• During this time, the car park near the pavilion will be unavailable.  Park users are encouraged to use the car park located near the Bowls Club (off Pakenham Street) instead.
  • Normal access to the park will also be restricted around the construction site.

A Load of Rubbish!

bin with usability issues

  • The Kalang Park rubbish bin was initially positioned inside(!) the temporary chain-mesh fence around the dongas recently installed for the Kalang Pavilion replacement.
  • Following e-mails from Committee, the bin has now been wired to the outside of the temporary fence making it usable again…
  • The Blacks Walk rubbish bin (formerly, fairly close to the car park) was mysteriously relocated to the fork of the track near Middleborough Road.
  • It is difficult to imagine a worse repositioning – Committee will ask council to put it back where it was…

Sightings

Fauna Sightings

Interesting bird sightings have been:

  • Yellow-tailed Black-cockatoos
  • Female Golden Whistler
  • King-parrots
  • Crimson Rosellas
  • Eastern Rosellas.

Fungi 

  • Strictly speaking, fungi are not plants – so they could not be nominated for Plant of the Month on that technicality. In biology, they belong to their own “kingdom”.
  • As you’ve probably noticed, the park has a great diversity of fungi at present:

fungi

  •  The current Notice Board display features local fungi – try to use it to help identify the fungi you see.
  • Many fungi are extremely poisonous, even lethal, so park users should not collect, eat or otherwise consume mushrooms and other fungi growing in the park.  Parents should be particularly vigilant in relation to children in this respect.   The Poison Information Centre’s phone number is 131 126.

Plant of the Month

  • Plant of the Month is Australian Dusty Miller (Spyridium parvifolium).  It is a fairly dense shrub with attractive creamy floral leaves, other leaves are green and hairy, though lighter underneath.  It flowers July-November but is looking particularly nice already.  This photo shows a specimen up on the hill of Furness Park:

dusty miller

Weed of the Month

  •  Weed of the Month is Bridal Creeper (Asparagus asparagoides).   It has become a serious environmental weed in Australia and was first introduced from South Africa in the 1850s.  bridal creeper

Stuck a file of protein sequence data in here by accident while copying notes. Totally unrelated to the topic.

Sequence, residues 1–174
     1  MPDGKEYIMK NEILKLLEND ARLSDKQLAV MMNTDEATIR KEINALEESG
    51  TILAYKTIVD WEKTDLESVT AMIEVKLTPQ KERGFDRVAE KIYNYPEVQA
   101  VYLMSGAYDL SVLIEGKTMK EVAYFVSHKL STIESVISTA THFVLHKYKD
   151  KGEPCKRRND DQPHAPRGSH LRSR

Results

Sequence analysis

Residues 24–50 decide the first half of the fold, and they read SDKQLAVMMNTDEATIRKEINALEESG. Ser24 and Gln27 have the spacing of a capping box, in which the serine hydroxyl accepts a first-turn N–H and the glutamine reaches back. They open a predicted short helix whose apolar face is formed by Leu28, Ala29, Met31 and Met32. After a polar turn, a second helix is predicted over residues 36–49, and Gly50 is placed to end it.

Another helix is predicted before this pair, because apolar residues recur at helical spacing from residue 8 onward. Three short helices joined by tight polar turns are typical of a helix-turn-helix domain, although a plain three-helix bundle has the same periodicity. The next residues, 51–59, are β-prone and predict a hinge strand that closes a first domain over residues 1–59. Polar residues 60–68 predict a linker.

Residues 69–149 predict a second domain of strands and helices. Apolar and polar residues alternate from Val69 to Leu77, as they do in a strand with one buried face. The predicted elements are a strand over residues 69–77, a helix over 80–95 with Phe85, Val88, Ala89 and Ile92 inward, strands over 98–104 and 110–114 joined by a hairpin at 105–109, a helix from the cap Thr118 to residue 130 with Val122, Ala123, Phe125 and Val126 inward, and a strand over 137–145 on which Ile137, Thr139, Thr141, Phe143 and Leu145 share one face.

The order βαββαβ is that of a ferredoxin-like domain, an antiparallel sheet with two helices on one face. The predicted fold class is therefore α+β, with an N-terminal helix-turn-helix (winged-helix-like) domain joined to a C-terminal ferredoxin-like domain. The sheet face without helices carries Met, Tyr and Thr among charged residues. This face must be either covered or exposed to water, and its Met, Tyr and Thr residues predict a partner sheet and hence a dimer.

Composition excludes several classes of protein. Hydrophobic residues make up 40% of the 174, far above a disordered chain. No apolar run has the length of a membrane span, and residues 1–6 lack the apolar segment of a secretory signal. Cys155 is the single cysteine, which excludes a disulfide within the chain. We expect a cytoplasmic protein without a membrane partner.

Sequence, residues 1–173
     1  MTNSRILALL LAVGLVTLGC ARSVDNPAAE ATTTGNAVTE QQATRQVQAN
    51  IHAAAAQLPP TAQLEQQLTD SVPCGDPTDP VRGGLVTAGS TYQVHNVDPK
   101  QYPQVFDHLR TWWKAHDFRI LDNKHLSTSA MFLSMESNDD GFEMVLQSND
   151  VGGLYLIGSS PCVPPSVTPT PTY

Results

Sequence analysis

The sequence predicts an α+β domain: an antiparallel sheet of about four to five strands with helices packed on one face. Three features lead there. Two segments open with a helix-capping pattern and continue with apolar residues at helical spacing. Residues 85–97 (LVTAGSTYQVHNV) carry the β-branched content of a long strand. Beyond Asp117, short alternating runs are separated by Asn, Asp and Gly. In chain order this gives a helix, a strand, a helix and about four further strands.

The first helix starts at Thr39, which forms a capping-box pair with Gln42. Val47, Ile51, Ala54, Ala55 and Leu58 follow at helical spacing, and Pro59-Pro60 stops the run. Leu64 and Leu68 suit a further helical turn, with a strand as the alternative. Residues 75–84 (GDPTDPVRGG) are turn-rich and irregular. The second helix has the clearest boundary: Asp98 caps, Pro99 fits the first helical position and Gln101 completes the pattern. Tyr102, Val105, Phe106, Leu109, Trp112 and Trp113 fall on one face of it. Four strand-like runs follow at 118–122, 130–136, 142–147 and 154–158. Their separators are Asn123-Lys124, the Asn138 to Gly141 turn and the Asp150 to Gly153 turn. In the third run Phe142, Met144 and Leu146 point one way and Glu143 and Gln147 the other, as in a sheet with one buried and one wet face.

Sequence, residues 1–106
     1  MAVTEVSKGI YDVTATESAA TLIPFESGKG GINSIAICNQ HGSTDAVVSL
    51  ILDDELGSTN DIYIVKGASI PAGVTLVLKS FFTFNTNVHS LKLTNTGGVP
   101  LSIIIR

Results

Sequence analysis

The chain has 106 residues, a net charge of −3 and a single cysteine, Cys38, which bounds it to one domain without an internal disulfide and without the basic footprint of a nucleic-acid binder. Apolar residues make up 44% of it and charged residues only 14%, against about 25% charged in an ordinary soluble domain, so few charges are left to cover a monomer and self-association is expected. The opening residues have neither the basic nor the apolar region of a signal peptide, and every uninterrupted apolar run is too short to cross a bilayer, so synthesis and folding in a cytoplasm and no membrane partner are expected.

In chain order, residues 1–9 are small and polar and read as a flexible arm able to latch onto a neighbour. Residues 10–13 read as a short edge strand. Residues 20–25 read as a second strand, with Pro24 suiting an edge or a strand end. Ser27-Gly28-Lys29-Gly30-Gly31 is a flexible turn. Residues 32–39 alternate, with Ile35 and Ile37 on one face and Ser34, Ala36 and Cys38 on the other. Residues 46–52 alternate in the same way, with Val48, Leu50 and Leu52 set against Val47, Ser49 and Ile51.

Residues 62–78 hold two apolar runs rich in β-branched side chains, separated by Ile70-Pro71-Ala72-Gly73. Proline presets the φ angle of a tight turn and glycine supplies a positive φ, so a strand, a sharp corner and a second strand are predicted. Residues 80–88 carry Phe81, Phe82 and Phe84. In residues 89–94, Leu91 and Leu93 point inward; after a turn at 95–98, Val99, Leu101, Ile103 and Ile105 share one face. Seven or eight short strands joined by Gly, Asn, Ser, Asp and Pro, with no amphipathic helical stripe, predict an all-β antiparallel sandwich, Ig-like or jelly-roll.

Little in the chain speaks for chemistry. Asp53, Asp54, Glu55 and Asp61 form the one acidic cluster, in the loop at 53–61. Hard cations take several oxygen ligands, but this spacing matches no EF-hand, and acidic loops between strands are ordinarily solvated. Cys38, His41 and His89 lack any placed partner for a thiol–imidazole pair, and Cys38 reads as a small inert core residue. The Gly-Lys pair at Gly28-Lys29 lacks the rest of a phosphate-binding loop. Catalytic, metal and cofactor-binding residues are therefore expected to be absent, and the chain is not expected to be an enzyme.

• It has small, bright shiny green leaves and pendent white flowers during winter and spring.  It is a scrambler and/or climber and can reach 3 metres in length.   The picture above shows an example in Furness Park where it is commencing to compete with the good, indigenous Mountain Clematis (Clematis aristata) [darker leaves].
  • It tends to smother native vegetation upstairs and downstairs – firstly,with its thick foliage and, also with its thick underground clumps of tubers which restrict the roots of indigenous species.

The Way We Were ?

  • Last month, we briefly discussed McCubbin in relation to Box Hill and Heidelberg.  So who was McCubbin?  Friends tell us that the renowned Australian artist, Frederick McCubbin (1855-1917), lived at Wolseley Crescent, Blackburn after earlier spending weekends camping on David Houston’s farm at Box Hill with other famous artists including Tom Roberts, Arthur Stretton and Tom Conder.
  • Painting en plein air (in the open air) – rather than in the studio – was then a novel way of capturing the landscape!  The artists immersed themselves in their bushland surroundings with many of their compositions taking full advantage of the indigenous trees and grasses which thrive along Gardiners Creek.